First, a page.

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Recordings of previous lectures:

Please follow the links below to access the recordings of previous lectures and feedback forms.

Reading Lists

  • Were the Peasants really Revolting? The Great Revolt of 1381 and its Aftermath by Dr Claire Kennan. Please follow this link to access a reading list put together by our speaker Dr Kennan

Upcoming Historic-All Lectures

October 2021:

  • Monday 11th October​, 4-5pm: Dr Nicholas Zair​, Senior Lecturer in Classics, Cambridge University. 

Pompeii in its own words​ 

Pompeii was buried in ash by the eruption of Vesuvius in 79 AD, preserving the houses, possessions, and even bodies of its inhabitants. But it also preserved thousands of words: carved, painted, scratched into walls. In this talk Dr Zair will discuss what sort of information we can get from these ancient writings, in particular about how Pompeii went from being an enemy of Rome to a 'typical' Roman town; about the society and culture of Pompeii; and about literacy and education. 

 Join via Microsoft Teams: 

November 2021:

  • Wednesday 10th November​, 4-5pm: Dr Marjorie Gehrhardt​, University of Reading.

Commemorating the First World War: Then and Now​ 

From the two-minute silence on Remembrance Day to the Cenotaph in London, and from wearing poppies to visiting installations such as the 2014 ‘Blood Swept Lands and Seas of Red’, many practices, places and exhibits find their origins in the First World War. This talk will explore how various commemorative activities and objects shape our understanding of the conflict, what functions they fulfil and how they have evolved over time. 

Join via Microsoft Teams: ​ 


  • Monday 15th November​, 4-5pm: Dr Elaine Murphy​​, Associate Professor of Maritime History, University of Plymouth​.

Danger and Excitement: The Experiences of Women during the British Civil Wars of the 1640s 

‘I dread the sea so much, that the very thought of it frightens me’: Queen Henrietta Maria wrote these words in 1642 to her husband King Charles I. During the Civil Wars she risked her life on multiple occasions to aid the royalist cause. In February 1643 a parliamentarian fleet fired on her at Bridlington near Newcastle. The queen described how: before I could get out of bed, the balls were whistling on me in such style that you may easily believe I loved not such music. As the experiences of Queen Henrietta Maria show the 1640s was a time of danger for many women. Others found excitement and opportunities during the conflict. This paper examines the experiences of women during the Civil Wars ranging from members of the royal family and nobles ladies to ordinary women. It will look at their interactions with military forces especially when their towns and homes came under attack and how some women took up arms to fight for each side. It will also consider the ways women engaged in the political and religious life of the country. As a maritime historian I will also explore some of the ways in which women went to sea during the war and the risks they ran.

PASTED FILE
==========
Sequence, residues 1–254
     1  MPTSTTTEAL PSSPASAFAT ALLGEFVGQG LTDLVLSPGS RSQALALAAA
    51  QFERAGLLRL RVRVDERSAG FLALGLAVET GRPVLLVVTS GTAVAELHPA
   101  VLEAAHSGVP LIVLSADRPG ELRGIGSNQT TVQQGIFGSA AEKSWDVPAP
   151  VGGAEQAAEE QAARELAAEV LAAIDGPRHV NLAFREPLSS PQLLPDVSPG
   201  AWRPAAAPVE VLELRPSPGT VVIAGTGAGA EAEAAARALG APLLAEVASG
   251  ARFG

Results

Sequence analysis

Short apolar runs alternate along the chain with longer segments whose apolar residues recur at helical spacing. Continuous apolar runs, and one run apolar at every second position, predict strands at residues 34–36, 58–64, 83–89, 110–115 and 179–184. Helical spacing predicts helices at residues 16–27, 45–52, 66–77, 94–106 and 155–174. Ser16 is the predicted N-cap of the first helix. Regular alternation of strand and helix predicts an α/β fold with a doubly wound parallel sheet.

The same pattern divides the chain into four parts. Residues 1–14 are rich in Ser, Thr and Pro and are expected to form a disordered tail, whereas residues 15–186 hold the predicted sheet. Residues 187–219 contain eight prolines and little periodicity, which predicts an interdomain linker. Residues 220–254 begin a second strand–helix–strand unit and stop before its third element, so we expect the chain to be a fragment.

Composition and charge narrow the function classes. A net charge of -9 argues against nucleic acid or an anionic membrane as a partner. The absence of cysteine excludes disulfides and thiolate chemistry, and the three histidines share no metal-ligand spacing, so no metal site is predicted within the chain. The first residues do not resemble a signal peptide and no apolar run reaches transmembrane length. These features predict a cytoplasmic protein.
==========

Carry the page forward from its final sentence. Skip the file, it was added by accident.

Join via Microsoft Teams: ​ 

Historic-All Lecture Update- now weekly!

Thank you all for your support of our free public lecture programme so far. Originally, we intended to host these monthly but due to the current lockdown we have decided to host at least one a week during this Half Term. We hope that these lectures will help students and the wider community during this period of remote working, and we are incredibly grateful to all the speakers who agreed to take part at late notice. 

For this academic year, all lectures will be online and shared via Microsoft Teams. Details about how to join the events (free of charge) will be available via the school website and via Twitter: @Historic_All

Our monthly scheduled lectures will still continue from March.

The aim of these lectures is multifaceted: they expose our students and the wider community to academics and scholarly debate, and they are intended for History teachers to continue to build subject knowledge, but most importantly they foster a love and interest in the subject. This also fits in with our wider school remit of being a Village College, inspired by the ideas of Henry Morris, in which schools should act as a community hub and that education is a lifelong process. Everyone is welcome- spread the word!

Thank you for all your help and please do get in touch if you have any questions. 

Best wishes,

Miss Angell

Q & As

A number of historians have very kindly answered a range of questions about their work and interests.

Dr R Aitken

Dr A Holmes-Henderson

Prof P Mandler

S Bennett Connolly

Dr A Keil

J Robinson

C Cooper

Dr C Kennan

S P Sivasundaram

Prof M Gaskill

Dr H Lyon

Dr D L Smith

Prof R Gildea